The methods of measuring compliance used in previous prehabilitation studies are heterogeneous and compliance rates have varied widely (16–98%) [44,45,46]. The compliance rates in this trial were high. The UK-based PREPARE regimen employed similar targets for preoperative exercise, including targeted 30-min walks, 5 times per week as one of its patient targets [41]. This group have successfully enrolled 67 oesophagogastric surgical patients (2016–2018) and report weekly adherence as an average of 64% of sessions completed [41]. Their weekly adherence was lower during chemotherapy (56%) and increased after chemotherapy during the time before surgery [41]. This is in contrast to our feasibility outcomes where compliance was not different at each of the before, during or after chemotherapy time points. Many features common to previous home-based prehabilitation schemes are included in this trial [41, 42]: patient-directed goal setting, weekly telephone support, exercise diaries and exercise intensity targets. Goal-setting and weekly telephone calls have contributed to good compliance in this study (median 100% compliance with weekly telephone call) and previous studies [28, 41, 47].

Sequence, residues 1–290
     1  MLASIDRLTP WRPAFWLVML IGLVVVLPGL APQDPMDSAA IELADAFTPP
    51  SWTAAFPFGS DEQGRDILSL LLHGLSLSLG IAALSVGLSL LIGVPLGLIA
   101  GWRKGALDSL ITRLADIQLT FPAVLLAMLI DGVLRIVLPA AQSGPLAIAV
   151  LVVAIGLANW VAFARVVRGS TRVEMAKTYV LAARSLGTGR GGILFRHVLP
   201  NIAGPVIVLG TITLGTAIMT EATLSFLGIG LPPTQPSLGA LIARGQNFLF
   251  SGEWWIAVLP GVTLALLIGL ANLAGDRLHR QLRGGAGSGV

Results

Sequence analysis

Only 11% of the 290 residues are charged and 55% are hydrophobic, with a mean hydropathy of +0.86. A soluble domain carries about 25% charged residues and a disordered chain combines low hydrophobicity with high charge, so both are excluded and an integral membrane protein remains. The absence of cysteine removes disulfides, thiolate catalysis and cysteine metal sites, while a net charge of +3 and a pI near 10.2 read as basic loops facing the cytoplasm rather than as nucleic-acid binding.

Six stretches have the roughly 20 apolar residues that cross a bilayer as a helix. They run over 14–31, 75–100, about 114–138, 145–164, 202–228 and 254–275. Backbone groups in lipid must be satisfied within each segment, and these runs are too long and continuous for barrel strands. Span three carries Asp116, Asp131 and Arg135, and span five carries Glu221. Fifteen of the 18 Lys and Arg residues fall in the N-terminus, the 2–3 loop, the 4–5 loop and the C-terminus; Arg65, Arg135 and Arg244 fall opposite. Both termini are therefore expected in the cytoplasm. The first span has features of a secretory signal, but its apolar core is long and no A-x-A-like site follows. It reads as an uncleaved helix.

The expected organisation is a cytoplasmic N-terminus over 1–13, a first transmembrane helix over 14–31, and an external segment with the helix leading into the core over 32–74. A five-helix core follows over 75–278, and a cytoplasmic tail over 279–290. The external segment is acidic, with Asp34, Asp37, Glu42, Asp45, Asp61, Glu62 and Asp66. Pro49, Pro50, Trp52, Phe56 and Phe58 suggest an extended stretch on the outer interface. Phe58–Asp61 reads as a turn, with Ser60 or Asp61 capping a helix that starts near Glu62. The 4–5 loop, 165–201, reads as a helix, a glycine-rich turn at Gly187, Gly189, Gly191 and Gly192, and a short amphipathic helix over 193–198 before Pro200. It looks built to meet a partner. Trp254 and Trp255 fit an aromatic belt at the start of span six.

An important area for consideration in this trial was the feasibility of using a pedometer to encourage a step-based exercise regimen and weekly goal setting. Whilst different home-based exercise programmes using remote supervision have previously been reported [10, 27, 44, 48], these programmes have not used step counting or pedometers as the driver of targeted activity. We have found that participants were highly compliant with using a pedometer and recording step counts (97.8% compliance). Step-counting has become part of the modern exercise armamentarium due to the availability of devices. The concept is simple, and improvement is easily visible to the patient making this an attractive method of motivation and measurement when supervising patients remotely. The advantages of this model include avoiding costly equipment, allowing the patient to exercise at their convenience and facilitating exercise in surroundings that are geographically convenient (near home). The compliance data supports the future use of this methodology, allowing the home-based exercise programme to be accessible to all future patients.